Wednesday, May 18, 2016
Who Are the Guilty Men on Iran?
I think most Americans instinctively understand that most of politics is theater. That’s part of the reason why Donald Trump’s unpredictable stand-up act is so popular since we never know what he will say. But Congress is doing its part too to keep us entertained. That’s the only way to interpret the hearing held today by the House Oversight Committee. The reason for this hearing was the continuing fallout over the New York Times Magazine profile of Deputy National Security Advisor Ben Rhodes in which he boasted of having successfully spun a docile Washington press corps into helping the administration sell its Iran policy. While Republicans led by Representative Jason Chaffetz wanted to use the session to explore the topic of how the Obama administration misled the American people about the Iran deal, committee Democrats preferred to use their time talking about whether the Bush administration’s decision to invade Iraq was based on lies. The result was another pointless partisan brawl the only purpose of which was to reassure each party’s base that House members were doing their best to make the other side uncomfortable.
In other words, it was business as usual on the Hill. But before we file this dispiriting piece of political theater in the proverbial circular file, it’s important to point out that the topic of the path to appeasement on Iran is one that I think future historians will view with more seriousness. Ultimately, that may mean Rhodes could go down as one of his generation’s “guilty men,” a title that was given to those British politicians that enabled appeasement of Nazi Germany before World War Two. Whether that it is true or not will depend on whether the administration’s long shot bet on the Islamist regime in Iran moderating before it ultimately gets a nuclear weapon after the deal Rhodes championed expires in a decade. If it doesn’t — and there’s little reason other than wishful thinking to believe that it will — we will view exhibitions such this House hearing with even less tolerance than we to today. But before we get to that point, it’s important to point out exactly what Rhodes is guilty of and what responsibility Congress — both Republicans and Democrats — must shoulder for that result.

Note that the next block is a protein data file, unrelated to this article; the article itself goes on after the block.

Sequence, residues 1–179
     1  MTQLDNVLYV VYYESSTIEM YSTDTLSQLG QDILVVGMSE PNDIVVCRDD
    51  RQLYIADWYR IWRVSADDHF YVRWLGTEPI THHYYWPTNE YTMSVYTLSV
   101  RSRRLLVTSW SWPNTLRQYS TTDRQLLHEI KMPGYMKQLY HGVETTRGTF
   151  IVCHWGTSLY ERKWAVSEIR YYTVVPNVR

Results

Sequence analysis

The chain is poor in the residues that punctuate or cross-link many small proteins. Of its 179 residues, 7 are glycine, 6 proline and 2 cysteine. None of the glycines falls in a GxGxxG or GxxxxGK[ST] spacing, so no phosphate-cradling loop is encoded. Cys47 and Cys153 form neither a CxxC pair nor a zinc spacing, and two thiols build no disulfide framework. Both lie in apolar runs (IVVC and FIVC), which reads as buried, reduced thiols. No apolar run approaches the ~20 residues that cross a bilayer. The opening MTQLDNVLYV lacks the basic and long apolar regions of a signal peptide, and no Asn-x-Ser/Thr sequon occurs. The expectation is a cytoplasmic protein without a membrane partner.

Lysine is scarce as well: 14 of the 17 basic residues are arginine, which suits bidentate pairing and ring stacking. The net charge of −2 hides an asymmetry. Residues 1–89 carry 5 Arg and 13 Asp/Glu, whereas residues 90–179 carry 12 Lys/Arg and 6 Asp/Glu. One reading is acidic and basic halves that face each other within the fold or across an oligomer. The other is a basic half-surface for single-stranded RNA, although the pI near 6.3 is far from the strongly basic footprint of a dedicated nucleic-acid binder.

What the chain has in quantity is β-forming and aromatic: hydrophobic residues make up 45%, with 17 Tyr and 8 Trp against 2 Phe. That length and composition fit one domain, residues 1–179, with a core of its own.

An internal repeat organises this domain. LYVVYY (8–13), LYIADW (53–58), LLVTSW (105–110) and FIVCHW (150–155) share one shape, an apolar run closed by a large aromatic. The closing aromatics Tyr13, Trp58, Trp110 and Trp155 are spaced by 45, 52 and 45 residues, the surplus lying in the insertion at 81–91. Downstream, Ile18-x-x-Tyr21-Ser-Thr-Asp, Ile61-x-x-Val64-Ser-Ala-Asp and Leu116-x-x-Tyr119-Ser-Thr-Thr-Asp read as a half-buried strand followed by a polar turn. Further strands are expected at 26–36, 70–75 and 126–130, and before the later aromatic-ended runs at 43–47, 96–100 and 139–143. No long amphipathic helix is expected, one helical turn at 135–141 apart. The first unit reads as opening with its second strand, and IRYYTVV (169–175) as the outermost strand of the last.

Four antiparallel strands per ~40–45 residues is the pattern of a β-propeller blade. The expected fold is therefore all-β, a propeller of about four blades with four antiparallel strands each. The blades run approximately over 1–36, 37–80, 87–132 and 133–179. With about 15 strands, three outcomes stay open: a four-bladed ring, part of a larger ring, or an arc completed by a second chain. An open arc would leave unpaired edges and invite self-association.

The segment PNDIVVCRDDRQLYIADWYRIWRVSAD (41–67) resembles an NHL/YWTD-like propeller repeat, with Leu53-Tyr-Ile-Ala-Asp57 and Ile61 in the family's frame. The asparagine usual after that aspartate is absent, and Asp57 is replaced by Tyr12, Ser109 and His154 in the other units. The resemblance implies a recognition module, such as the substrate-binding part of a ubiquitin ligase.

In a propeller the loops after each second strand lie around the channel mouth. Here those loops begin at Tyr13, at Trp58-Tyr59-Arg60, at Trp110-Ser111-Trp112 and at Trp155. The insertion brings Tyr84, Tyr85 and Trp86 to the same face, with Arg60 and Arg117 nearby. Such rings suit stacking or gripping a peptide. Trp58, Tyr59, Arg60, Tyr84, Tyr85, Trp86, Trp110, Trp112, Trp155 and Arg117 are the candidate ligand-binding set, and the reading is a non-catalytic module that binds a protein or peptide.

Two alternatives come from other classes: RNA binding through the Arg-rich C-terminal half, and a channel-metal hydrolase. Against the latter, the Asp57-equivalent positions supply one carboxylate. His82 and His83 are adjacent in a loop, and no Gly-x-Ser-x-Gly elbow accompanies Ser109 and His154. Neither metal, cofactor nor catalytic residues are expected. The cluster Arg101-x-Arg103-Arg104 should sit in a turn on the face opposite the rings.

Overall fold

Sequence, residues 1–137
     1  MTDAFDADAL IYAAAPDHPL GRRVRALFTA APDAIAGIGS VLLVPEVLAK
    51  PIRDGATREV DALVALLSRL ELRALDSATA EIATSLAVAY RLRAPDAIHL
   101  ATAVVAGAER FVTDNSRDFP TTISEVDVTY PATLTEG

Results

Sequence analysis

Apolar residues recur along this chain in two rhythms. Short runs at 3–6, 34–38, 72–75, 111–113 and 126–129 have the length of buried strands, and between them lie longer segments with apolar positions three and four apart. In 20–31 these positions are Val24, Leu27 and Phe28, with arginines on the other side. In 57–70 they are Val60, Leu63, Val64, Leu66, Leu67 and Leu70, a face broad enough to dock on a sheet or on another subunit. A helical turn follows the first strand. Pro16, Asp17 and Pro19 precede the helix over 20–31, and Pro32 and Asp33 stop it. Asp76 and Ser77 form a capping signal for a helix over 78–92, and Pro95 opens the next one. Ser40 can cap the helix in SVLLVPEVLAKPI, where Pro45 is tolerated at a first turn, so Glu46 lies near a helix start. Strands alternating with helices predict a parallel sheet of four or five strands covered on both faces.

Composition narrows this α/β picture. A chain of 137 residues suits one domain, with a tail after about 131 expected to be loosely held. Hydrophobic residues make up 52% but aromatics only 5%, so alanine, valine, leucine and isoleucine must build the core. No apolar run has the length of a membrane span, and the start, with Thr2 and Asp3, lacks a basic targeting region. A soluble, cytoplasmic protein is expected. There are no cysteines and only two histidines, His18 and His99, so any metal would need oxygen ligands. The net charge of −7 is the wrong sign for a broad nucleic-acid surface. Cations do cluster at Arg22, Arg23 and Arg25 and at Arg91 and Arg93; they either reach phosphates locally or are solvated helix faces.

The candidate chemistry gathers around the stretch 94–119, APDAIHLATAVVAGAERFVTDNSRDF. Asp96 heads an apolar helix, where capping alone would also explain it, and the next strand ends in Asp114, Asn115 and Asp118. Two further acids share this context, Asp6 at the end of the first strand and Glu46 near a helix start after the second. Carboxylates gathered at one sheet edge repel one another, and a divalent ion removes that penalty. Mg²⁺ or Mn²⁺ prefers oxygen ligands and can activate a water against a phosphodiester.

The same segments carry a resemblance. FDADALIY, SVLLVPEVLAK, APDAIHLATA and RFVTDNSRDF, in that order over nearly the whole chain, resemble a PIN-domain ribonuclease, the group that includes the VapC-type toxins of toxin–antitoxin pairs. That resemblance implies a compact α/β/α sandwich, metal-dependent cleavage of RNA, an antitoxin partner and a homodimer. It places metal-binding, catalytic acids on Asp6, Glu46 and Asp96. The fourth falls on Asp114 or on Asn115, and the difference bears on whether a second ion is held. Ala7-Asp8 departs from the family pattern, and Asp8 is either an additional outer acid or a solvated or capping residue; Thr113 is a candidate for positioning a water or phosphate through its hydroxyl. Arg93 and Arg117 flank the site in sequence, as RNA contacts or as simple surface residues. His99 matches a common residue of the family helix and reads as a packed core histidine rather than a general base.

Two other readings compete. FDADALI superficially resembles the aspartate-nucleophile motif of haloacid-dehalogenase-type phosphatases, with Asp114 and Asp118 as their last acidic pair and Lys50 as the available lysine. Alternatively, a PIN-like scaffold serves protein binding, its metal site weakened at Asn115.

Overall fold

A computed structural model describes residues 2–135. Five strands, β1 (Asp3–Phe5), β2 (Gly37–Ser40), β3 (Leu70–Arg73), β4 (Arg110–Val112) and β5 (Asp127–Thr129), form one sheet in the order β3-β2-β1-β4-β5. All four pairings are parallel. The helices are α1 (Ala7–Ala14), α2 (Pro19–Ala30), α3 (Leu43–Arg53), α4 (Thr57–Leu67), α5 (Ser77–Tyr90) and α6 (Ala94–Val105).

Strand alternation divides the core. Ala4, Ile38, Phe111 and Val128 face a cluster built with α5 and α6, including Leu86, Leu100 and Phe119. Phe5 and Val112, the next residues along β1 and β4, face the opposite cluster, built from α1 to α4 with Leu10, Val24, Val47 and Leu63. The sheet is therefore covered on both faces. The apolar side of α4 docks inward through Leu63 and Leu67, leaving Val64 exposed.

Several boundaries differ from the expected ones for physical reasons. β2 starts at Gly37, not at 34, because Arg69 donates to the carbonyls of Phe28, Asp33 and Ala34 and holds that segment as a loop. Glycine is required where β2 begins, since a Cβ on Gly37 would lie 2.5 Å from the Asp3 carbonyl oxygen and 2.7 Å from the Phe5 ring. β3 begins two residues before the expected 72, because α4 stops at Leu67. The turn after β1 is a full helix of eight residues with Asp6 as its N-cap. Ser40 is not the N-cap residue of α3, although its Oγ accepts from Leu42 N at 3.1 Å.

Posted by Mladen Andrijasevic at 1:32 AM